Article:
It looks like the 11th hour for redevelopment agencies has arrived, and the city of San Diego could face an unforeseen multi-million-dollar addition to its deficit.

The state Legislature could take action on eliminating redevelopment as part of Gov. Jerry Brown’s budget package as soon as tomorrow, following a frantic day in Sacramento and in San Diego.

Most importantly, the city could face an immediate hit to its day-to-day operating budgets based on the proposed legislation released late Tuesday.

The Petco Park bond debt the city had shifted to its redevelopment agency could be forced back to its already-strained daily budget. The $11.3 million annual payment would immediately increase the city’s deficit.

The legislation nullifies agreements between the city’s redevelopment agency and its city, which could include the agreement the city signed and recently extended to have the downtown redevelopment agency pay for the more than $200 million in debt to pay off the ballpark.

“All agreements would be at risk,” City Attorney Jan Goldsmith said.

The hit to the day-to-day budget isn’t set in stone. Goldsmith contends that the Petco deal would fall under an exception written into the law for financing agreements. Also, he said, successors to redevelopment agencies — which would be under boards controlled by San Diego County and local educational agencies — could agree to make good on the payments.

The uncertainty surrounding the Petco debt is just one of many issues up in the air now that leaders of the state assembly and senate announced that they plan to vote on Brown’s budget Wednesday.

Also at risk is the deal San Diego made two weeks ago to try to lock up $4 billion in future property taxes for redevelopment projects over the next four decades.

Further, the City Council approved emergency legislation Tuesday afternoon transferring more than $250 million in assets — nearly all 135 properties — from the redevelopment agency to the city itself. Monday night, the council balked at the exact same move, hoping to vote in a week once city staff had done more research on the properties.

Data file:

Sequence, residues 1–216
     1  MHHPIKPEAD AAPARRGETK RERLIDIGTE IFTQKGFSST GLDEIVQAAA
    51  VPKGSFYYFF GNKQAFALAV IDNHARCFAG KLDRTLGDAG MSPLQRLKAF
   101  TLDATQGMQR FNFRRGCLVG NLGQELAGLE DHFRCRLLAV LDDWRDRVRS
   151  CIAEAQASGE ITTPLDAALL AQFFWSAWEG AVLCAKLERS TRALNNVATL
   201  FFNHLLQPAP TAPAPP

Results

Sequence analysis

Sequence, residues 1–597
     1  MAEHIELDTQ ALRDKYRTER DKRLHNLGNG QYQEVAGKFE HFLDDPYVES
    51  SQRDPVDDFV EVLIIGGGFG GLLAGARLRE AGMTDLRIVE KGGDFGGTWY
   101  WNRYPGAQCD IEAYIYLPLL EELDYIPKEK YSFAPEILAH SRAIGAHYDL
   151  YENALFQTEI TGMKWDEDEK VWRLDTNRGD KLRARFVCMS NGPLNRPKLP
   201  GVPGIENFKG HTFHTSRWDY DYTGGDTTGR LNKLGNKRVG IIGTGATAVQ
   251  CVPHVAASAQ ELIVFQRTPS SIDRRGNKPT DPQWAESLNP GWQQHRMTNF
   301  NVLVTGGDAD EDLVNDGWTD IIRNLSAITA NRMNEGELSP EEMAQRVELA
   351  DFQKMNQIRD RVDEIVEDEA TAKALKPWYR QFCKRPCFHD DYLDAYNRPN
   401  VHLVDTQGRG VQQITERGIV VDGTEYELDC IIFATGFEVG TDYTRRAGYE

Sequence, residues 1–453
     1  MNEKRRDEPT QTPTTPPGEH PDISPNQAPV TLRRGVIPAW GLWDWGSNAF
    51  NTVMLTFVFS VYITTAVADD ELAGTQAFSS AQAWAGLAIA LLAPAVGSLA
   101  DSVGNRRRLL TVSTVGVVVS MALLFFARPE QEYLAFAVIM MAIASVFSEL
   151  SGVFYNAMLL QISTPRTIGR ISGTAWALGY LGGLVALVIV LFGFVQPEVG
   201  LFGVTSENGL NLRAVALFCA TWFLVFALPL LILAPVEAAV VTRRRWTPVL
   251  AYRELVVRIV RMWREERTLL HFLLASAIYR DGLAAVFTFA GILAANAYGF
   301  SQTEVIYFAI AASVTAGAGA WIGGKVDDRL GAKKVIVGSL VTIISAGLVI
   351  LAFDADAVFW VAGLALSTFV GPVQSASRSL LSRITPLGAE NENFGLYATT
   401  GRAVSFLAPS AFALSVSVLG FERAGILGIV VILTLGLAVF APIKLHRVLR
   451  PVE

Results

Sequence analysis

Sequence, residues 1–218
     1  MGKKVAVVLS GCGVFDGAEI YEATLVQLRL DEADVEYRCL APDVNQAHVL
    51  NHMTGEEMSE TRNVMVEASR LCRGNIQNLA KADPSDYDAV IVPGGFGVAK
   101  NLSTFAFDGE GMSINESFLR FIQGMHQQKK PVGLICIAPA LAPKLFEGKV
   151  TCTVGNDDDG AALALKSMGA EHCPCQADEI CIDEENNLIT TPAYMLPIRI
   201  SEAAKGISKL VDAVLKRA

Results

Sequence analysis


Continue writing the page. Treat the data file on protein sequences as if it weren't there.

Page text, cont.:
Council members blamed the state for forcing their hands.

“It’s the state’s fault,” Council President Tony Young said.

At stake in this redevelopment fight is hundreds of billions of future property tax dollars. Redevelopment funnels that money away from schools and other local governments to improve rundown neighborhoods. The California constitution requires the state to pay the money redevelopment takes away from schools. This year, the state estimates redevelopment agencies are collecting more than $5 billion in property taxes and the governor figures he can save the state $1.7 billion this year if redevelopment goes away.

In the future, all the money that otherwise would have gone to redevelopment would flow to schools and other local governments, including the city’s day-to-day operating budget. The city’s independent budget analyst has estimated the day-to-day budget would receive as much as a $20 million boost a year. That’s much less money than the city would get otherwise, but it could be used for basic services such as police and fire rather than bricks and mortar.

Even if the legislature acts Wednesday, the redevelopment fight is far from over. Boosters around the state have guaranteed they will sue. Goldsmith added that city attorneys up and down the state would be challenging the legislation.

Please contact Liam Dillon directly at or 619.550.5663 and follow him on Twitter:

Liam Dillon was formerly a senior reporter and assistant editor for Voice of San Diego. He led VOSD’s investigations and wrote about how regular people...

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